That leads to the second important misunderstanding with respect to rich people and “cash.” All of the wealth that rich folks have in the form of financial instruments, from checking accounts to bonds to stock to other more complex options (though not physical currency) are not just sitting around “idle” providing no benefits. All of those instruments supply loanable funds (savings) to the financial system. Whatever Bezos has in his various checking accounts, for example, doesn’t just sit in a vault in the bank. The bank lends those funds out to borrowers who use them to invest in new projects that create capital goods and jobs for the general public. To the extent firms now have more productive capital goods, the wages of their existing workers will rise as well. Nearly all of the funds that rich people put into banks and other financial intermediaries make their way into the hands of people putting that money to work in the service of economic progress.
That is why banks are called “financial intermediaries” – they serve as intermediaries between people with money to lend and people who wish to borrow. In doing so, they reduce the transaction costs and risk of lending, as well as paying lenders more interest, encouraging much more lending that would happen otherwise. They also reduce the transaction costs of borrowing and lower rates on loans compared to a world of direct finance, making people more likely and able to borrow. This process of capital goods formation is central to economic progress and growth in wages and wealth of the general public. The vast majority of the “cash” of the rich is the fuel that powers economies across the world.
Note that this does not apply to paper currency in the form of Federal Reserve Notes. Bank account dollars are a loan you give the bank that it then lends out to others. Paper currency is not a loan to a bank. It is produced by the monopoly known as the Federal Reserve System, and the various promises of the Fed and the federal government are all that back it up. We accept them because we know others will, but holding US paper dollars provides no loanable funds. Depositing them in your checking account does. All of that said, the wealthy generally hold very little of their assets, including just a tiny percentage of their financial assets, in the form of currency. It pays no interest and, like the rest of us, they can use debit cards and other instruments for everyday payments.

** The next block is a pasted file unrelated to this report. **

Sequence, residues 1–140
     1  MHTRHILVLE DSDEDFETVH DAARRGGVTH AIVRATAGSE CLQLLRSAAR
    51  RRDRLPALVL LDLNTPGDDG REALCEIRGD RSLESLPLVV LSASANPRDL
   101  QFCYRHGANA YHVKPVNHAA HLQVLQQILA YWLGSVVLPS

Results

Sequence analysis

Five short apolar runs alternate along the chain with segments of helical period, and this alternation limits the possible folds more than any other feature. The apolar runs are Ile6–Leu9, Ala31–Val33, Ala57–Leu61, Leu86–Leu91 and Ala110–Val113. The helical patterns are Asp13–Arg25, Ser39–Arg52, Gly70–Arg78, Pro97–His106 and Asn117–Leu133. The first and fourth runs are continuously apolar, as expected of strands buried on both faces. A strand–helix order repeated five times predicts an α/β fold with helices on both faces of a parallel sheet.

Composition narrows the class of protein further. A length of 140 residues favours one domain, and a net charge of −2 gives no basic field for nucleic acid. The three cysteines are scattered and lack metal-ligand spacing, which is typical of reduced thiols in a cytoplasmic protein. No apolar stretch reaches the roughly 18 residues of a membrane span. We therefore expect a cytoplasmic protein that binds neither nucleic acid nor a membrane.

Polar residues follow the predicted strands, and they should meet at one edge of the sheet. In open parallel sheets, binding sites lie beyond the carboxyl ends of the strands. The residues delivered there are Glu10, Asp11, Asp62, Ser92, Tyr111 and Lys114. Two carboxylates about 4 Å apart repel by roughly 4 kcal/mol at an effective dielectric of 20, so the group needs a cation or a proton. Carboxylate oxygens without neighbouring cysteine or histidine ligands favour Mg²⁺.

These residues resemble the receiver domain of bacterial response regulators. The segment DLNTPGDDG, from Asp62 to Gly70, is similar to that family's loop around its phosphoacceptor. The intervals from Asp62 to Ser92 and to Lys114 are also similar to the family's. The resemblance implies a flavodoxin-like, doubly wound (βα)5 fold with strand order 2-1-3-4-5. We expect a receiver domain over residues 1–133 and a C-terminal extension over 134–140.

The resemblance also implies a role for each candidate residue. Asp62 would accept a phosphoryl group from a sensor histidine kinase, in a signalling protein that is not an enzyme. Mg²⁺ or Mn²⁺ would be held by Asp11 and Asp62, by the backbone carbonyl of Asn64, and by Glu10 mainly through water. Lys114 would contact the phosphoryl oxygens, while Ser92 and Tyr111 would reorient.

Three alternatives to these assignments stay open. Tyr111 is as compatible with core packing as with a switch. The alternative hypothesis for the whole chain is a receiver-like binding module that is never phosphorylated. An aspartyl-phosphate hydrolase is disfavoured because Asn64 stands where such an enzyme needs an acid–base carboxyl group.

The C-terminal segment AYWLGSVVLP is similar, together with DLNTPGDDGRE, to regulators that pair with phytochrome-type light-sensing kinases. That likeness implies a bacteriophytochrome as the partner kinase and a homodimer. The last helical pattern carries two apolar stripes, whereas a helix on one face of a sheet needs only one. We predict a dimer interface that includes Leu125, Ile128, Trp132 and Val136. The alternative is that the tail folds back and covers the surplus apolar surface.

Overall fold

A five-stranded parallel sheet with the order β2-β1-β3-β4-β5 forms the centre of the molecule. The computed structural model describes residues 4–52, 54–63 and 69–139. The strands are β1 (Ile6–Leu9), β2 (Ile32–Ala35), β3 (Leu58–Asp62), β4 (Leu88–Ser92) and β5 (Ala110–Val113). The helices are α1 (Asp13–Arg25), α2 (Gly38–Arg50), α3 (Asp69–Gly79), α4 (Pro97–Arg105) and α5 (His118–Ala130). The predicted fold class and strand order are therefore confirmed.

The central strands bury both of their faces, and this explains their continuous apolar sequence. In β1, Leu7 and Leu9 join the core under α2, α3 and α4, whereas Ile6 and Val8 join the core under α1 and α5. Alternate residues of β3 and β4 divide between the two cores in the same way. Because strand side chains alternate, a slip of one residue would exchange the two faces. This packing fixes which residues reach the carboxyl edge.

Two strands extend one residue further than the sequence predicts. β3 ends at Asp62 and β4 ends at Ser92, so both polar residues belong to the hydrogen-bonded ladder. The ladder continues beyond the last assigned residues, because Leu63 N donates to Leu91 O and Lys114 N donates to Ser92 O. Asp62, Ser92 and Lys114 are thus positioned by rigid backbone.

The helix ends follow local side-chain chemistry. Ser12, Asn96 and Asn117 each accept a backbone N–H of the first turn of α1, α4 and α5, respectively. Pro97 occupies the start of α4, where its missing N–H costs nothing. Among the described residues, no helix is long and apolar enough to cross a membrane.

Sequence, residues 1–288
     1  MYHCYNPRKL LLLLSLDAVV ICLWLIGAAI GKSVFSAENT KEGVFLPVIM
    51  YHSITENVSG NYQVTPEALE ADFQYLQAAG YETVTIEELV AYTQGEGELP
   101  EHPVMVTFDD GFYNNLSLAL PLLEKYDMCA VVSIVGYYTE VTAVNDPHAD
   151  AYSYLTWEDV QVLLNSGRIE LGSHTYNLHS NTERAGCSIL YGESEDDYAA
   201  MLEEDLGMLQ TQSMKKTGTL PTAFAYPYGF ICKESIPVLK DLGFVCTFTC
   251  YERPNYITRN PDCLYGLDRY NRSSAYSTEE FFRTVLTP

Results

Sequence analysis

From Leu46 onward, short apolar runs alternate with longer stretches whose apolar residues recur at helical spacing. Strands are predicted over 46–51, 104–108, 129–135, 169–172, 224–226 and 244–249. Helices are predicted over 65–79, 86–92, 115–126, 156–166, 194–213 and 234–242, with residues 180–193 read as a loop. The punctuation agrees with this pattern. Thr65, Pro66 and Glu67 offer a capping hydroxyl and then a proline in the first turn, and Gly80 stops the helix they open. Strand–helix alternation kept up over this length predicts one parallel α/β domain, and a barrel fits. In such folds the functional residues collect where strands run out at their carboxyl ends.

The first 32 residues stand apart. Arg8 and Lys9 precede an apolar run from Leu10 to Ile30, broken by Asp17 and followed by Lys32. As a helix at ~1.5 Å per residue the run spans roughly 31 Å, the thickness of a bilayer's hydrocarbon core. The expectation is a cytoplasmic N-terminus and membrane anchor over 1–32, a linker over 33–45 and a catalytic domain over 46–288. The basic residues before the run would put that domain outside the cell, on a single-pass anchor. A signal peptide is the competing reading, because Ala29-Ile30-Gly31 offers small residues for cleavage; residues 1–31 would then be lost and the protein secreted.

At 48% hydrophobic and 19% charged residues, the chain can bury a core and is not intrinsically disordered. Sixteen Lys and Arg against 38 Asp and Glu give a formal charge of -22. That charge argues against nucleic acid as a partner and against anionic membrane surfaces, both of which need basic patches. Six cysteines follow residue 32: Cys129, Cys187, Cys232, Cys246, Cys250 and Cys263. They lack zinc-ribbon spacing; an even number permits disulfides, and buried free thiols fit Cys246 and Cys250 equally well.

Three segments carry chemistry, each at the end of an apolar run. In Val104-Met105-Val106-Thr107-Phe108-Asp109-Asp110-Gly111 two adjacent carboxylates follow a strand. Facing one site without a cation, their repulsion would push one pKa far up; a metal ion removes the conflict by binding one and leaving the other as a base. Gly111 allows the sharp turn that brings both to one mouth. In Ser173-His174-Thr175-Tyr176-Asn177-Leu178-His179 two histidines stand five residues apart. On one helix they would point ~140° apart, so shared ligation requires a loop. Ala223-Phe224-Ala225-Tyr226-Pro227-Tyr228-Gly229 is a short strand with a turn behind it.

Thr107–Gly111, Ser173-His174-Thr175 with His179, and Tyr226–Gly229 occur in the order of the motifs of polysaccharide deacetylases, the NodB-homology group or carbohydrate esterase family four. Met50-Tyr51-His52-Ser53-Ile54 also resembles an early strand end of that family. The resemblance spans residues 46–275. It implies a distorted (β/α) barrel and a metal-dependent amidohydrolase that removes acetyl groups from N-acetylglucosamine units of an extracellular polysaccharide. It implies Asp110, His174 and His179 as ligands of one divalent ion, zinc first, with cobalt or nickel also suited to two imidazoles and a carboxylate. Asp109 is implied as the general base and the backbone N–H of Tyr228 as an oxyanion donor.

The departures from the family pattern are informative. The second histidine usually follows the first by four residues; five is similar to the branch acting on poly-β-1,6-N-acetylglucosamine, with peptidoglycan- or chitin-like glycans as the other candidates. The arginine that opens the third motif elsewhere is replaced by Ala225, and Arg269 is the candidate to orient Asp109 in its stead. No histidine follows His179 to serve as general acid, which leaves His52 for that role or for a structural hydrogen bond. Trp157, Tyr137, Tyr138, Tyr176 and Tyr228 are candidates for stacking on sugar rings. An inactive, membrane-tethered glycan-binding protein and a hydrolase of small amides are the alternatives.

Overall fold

Not only are the rich not sitting around on piles of “cash” as a general rule, almost all of the financial assets they do have are in the form of loans to various financial intermediaries, and those loans (their assets) serve to finance a great deal of productive economic activity. The savings/lending of the rich are central to economic growth and material progress for all of us. Financing the creation of new capital is what generates new jobs and increases wages on existing ones. This is what the financial assets of the rich do every single day, whether in the form of bank accounts, bonds, or more complex instruments. The same is true of their ownership of stock or physical capital, all of which drive the process of job creation, higher wages, and innovative and cheaper consumer goods. Rich people’s wealth is not idle – it actively enriches all of us.
A wealth tax that imagines that governments are just taking away a very small percentage of the rich’s idle cash misunderstands both the nature of the wealth held by the rich and the important role played by financial assets in powering market economies. Such a tax will transfer wealth from the positive-sum, wealth-enhancing capital creation process of the private sector (especially as the rich engage in tax avoidance behavior), to the negative-sum, wealth-destroying transfer and spending processes of the federal government. A wealth tax is a certain path to impoverishing not just the rich, but the rest of us for whom economic progress depends crucially on the ways in which the rich actively put their wealth to use to finance new and existing businesses.